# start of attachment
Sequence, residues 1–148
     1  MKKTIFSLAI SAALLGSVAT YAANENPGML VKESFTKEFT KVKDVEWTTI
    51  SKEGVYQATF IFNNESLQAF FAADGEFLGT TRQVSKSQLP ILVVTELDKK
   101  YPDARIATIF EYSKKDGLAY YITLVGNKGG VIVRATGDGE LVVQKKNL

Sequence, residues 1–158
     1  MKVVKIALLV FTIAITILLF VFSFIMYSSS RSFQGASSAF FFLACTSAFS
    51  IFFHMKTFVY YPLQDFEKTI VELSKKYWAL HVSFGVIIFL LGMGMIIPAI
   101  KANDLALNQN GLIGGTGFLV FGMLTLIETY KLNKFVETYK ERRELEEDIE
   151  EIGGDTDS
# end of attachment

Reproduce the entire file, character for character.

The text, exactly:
Sequence, residues 1–148
     1  MKKTIFSLAI SAALLGSVAT YAANENPGML VKESFTKEFT KVKDVEWTTI
    51  SKEGVYQATF IFNNESLQAF FAADGEFLGT TRQVSKSQLP ILVVTELDKK
   101  YPDARIATIF EYSKKDGLAY YITLVGNKGG VIVRATGDGE LVVQKKNL

Sequence, residues 1–158
     1  MKVVKIALLV FTIAITILLF VFSFIMYSSS RSFQGASSAF FFLACTSAFS
    51  IFFHMKTFVY YPLQDFEKTI VELSKKYWAL HVSFGVIIFL LGMGMIIPAI
   101  KANDLALNQN GLIGGTGFLV FGMLTLIETY KLNKFVETYK ERRELEEDIE
   151  EIGGDTDS